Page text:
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Inga Lizdenyte’s life has, by any measure, been extraordinary. She was 22 when the car her 26-year-old date was racing through the capital of Lithuania slammed broadside into a utility pole so violently that the vehicle tore in half.

There was a time when some would suggest Lizdenyte (liz den EAT ah) author a book, and she’d reply that she couldn’t imagine herself writing one and, if she did, who in the world would want to read it?

A book? The concept that once seemed absurd now fills 500 pages and is available for purchase at local bookstores and online.

The Feb. 12, 2000, crash cut away both of her legs above the knees and paralyzed her left arm. Despair suppressed her life for years.

Today the 41-year-old, Lizdenyte, who’s regularly seen zipping along Santa Rosa sidewalks in her electric wheelchair, can’t imagine not having written “Unstoppable: It’s a Choice.”

“I put all my heart into it,” she said. “I was honest, open — brutally open, I would say.”

She found the seven-year project hugely helpful to her healing.

“I did not cry as much after the accident,” she said, “as I did writing the book.”

Early in June, the book received at the San Francisco Book Festival honorable mention in two categories of judging — spiritual/religious and biography/autobiography.

Lizdenyte is set to speak from 6-8 p.m. July 11 at Santa Rosa’s Barnes & Noble bookstore.

Her self-published “Unstoppable” began as a series of letters to her brother in Lithuania, Valdas, who reached out to her at a time he found little reason to live. Lizdenyte said writing at length to Valdas about her own adversities and salvation helped him, and it certainly was therapeutic for her. Now she hopes the book will prove of value to others who struggle.

“My big conviction is that we always have a choice. We always have a choice to give up, give in,” said the proudly independent survivor. “And we have a choice to fight.”

The story this fighter tells is a Christian story.

“Many see me as a strong person,” Lizdenyte wrote, “but I was not born strong. I became strong.”

She showers gratitude on many in Lithuania and in Sonoma County who helped her as she toiled to reclaim her life, purpose and happiness after the crash that killed the man she was dating and almost killed her.

“I couldn’t imagine how to continue with nearly half of my body gone,” she wrote.

She’s now a legal resident of the U.S. and a staffer of the Santa Rosa-based Disability Services & Legal Center, as well as an author who aspires to become a full-time life coach and inspirational speaker. She gives most of the credit for her rise from pain and hopelessness to Jesus Christ.

She assured Valdas of that in a letter in her book: “Brother, Jesus Christ is alive in the spiritual realm, though we don’t see him with our physical eye. And prayers in his name are truly answered … I will be honest with you — I don’t know how I would have handled the consequences of the accident if not for my faith in the Lord.”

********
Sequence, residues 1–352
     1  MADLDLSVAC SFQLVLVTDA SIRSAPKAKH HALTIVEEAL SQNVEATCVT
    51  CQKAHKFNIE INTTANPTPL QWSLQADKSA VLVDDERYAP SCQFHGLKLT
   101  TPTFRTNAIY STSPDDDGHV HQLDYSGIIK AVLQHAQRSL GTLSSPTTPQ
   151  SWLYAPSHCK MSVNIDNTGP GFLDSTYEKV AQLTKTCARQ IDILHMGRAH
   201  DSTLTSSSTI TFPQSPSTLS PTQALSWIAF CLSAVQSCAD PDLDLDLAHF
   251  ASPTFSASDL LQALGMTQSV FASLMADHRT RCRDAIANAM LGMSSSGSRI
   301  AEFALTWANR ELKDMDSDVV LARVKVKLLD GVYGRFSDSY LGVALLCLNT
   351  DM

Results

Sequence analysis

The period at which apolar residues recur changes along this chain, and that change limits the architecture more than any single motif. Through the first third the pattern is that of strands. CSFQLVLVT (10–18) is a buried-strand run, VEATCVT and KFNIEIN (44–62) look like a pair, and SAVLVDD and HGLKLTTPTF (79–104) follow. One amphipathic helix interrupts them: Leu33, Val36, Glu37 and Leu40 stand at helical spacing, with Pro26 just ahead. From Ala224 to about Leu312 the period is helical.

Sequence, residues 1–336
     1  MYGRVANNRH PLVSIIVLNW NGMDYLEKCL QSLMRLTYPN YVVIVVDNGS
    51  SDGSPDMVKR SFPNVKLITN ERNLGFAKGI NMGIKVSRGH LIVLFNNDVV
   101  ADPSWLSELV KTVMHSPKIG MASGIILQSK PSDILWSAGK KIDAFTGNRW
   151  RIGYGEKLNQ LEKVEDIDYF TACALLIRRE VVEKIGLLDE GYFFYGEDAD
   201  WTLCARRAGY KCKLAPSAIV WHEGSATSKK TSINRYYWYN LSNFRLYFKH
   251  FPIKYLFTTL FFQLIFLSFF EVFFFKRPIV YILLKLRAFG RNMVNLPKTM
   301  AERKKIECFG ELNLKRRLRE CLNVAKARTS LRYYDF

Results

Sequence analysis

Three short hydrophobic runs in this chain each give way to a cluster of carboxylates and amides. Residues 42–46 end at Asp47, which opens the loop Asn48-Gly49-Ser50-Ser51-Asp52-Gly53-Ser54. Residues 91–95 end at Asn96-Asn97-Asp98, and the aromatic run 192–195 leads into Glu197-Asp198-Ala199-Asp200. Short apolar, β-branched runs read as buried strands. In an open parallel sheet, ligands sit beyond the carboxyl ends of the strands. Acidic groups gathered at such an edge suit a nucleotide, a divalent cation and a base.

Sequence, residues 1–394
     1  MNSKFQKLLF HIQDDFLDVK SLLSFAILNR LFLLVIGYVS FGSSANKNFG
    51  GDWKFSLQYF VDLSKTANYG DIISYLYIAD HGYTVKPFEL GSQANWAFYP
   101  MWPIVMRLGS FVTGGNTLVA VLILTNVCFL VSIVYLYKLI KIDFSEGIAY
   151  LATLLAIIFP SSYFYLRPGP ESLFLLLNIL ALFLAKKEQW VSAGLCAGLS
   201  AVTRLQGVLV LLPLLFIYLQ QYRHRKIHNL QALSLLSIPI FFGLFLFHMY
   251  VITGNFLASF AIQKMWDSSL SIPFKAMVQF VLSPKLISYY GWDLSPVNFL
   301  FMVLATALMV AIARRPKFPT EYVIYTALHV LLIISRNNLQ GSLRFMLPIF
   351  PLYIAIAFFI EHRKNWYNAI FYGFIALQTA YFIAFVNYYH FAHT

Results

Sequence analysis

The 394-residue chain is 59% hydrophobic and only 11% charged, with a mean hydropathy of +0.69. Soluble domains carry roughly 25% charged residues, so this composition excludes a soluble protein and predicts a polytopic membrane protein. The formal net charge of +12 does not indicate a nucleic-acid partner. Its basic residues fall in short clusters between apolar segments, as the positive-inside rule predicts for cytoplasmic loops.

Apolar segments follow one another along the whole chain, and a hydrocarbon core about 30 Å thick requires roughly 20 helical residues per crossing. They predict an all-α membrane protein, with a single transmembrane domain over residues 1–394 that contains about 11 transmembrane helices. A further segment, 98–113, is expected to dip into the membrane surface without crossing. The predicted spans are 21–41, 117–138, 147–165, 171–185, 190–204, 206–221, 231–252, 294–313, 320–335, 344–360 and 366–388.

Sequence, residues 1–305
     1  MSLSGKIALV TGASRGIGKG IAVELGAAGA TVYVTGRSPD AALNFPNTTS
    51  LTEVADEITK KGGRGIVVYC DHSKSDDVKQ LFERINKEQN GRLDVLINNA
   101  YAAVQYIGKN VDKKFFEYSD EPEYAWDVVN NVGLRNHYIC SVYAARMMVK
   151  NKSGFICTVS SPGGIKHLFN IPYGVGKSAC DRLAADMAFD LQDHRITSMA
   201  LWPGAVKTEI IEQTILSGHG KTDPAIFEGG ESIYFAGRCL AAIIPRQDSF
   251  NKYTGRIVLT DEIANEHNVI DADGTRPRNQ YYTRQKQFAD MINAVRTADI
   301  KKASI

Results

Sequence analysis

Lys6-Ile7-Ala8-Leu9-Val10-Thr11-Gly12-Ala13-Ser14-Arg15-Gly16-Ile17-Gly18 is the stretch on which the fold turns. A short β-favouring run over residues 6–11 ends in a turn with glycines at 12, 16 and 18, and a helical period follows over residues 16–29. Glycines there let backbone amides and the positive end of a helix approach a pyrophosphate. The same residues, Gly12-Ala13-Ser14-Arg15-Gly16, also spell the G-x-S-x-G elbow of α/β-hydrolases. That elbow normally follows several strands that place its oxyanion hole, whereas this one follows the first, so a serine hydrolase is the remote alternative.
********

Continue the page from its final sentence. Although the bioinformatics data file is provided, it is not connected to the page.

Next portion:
She concedes in her book that even with divine help, much of what she experienced through her recovery was utter agony.

“I made it look very easy, but it wasn’t,” she said at her Santa Rosa apartment. “It was excruciating.”

She also wrote extensively about something she long once believed she’d guard as a secret the rest of her life: how she fell in love and had an affair with a married American man.

In one letter to her brother, she promised to recount her journey from the nearly fatal crash to a new life of meaning and self-reliance “without filtering anything.”

She added, “While I am sharing everything just as it was then, may my experience give you insights into where we cross the fine line that leads us into the abyss.”

The abrupt end to the affair, when it was discovered by the man’s wife, was an excruciating setback to Lizdenyte.

She wrote that the first horrific crash in her life happened because she got into a car with a man she shouldn’t have, and the second because she took up with a man who was married to another woman.

“Both of those crashes were the result of the choices I made earlier,” she wrote.

“Both times I knew what I was doing was wrong, but kept doing it. And both times those choices led me to total destruction.”

For years, Lizdenyte was determined to walk again. It was her quest for state-of-the-art prosthetic legs that drove her desire to come to California.

She did walk for a time on high-tech artificial legs, and she rejoiced to again be standing. But complications with the fit and a bone spur in her left thigh helped her to the conclusion that prostheses were not for her, and that she would be fine in her motorized wheelchair.

Her book serves up practical as well as spiritual instruction for overcoming hardship and tragedy.

Beyond faith and prayer, Lizdenyte counsels against blame, and she advises the pursuit of concrete goals.

She suggests that she might still be relying on others had she looked at all that was involved in working a job, cooking, dressing, moving about and such with just one limb and allowed herself to wonder if she could do it.

She said at her apartment, “I leave myself with only one option: to figure out how.”

You can reach Staff Writer Chris Smith at 707-521-5211 and chris.smith@pressdemocrat.com

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